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Fezzes in the RiverIdentity Politics and European Diplomacy in the Middle East on the Eve of World War II$
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Sarah D. Shields

Print publication date: 2011

Print ISBN-13: 9780195393316

Published to Oxford Scholarship Online: May 2011

DOI: 10.1093/acprof:oso/9780195393316.001.0001

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Fezzes and Hats

Fezzes and Hats

(p.17) 1 Fezzes and Hats
Fezzes in the River

Sarah D. Shields (Contributor Webpage)

Oxford University Press

When Syria’s political leaders left Paris in the fall of 1936, their focus was on the new Franco-Syrian Treaty that promised their independence. On stopping in Istanbul en route to their triumphant homecoming, they were blindsided by Turkish officials and a Turkish press that demanded a different future for the Sanjak [province] of Alexandretta separate from Syria. Chapter 1 sketches the background of the contested territory, the ideological context in which Syria demanded independence and Turkey claimed the Sanjak, and the violence that ensued as Turkish activists mobilized opposition to the Sanjak’s participation in the November 1936 elections to the Syrian Parliament. For the Syrian regime, these elections were the first step toward their promised independence from France, the colonial power upon which they had become paradoxically dependent if they hoped to fulfill their dreams of independence, a policy they called Honorable Cooperation.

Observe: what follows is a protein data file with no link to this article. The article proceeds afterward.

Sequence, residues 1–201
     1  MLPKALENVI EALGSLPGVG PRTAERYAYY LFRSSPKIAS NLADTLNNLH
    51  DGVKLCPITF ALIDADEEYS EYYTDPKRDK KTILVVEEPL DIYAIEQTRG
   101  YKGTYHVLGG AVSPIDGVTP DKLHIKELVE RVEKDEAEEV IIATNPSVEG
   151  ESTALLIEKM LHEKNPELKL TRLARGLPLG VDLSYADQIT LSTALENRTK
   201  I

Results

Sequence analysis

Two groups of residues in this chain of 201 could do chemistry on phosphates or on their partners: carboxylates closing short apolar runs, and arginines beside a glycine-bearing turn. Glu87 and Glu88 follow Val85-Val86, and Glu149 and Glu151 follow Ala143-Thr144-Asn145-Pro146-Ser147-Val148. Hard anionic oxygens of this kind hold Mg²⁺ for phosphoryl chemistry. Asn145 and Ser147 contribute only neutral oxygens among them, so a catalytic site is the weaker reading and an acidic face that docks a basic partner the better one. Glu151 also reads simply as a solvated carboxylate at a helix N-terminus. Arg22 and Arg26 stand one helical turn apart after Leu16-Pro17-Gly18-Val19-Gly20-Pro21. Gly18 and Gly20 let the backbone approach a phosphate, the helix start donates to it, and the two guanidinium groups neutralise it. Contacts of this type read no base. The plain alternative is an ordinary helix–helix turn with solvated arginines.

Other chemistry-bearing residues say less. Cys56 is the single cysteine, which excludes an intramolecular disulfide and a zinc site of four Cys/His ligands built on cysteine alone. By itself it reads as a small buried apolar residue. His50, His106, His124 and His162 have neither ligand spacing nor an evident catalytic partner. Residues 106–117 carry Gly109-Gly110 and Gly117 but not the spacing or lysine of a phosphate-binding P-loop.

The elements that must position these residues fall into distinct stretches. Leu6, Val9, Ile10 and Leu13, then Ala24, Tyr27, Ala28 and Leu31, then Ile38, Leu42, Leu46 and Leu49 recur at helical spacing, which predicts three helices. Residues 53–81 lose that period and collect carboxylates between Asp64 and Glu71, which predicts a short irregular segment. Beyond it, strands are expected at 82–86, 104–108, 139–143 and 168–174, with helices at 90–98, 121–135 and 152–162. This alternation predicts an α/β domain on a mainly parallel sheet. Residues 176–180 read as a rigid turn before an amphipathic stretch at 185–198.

Keywords:   National Bloc, hat reform, Ataturk, Kemalism, Hatay, Alawi, electoral violence

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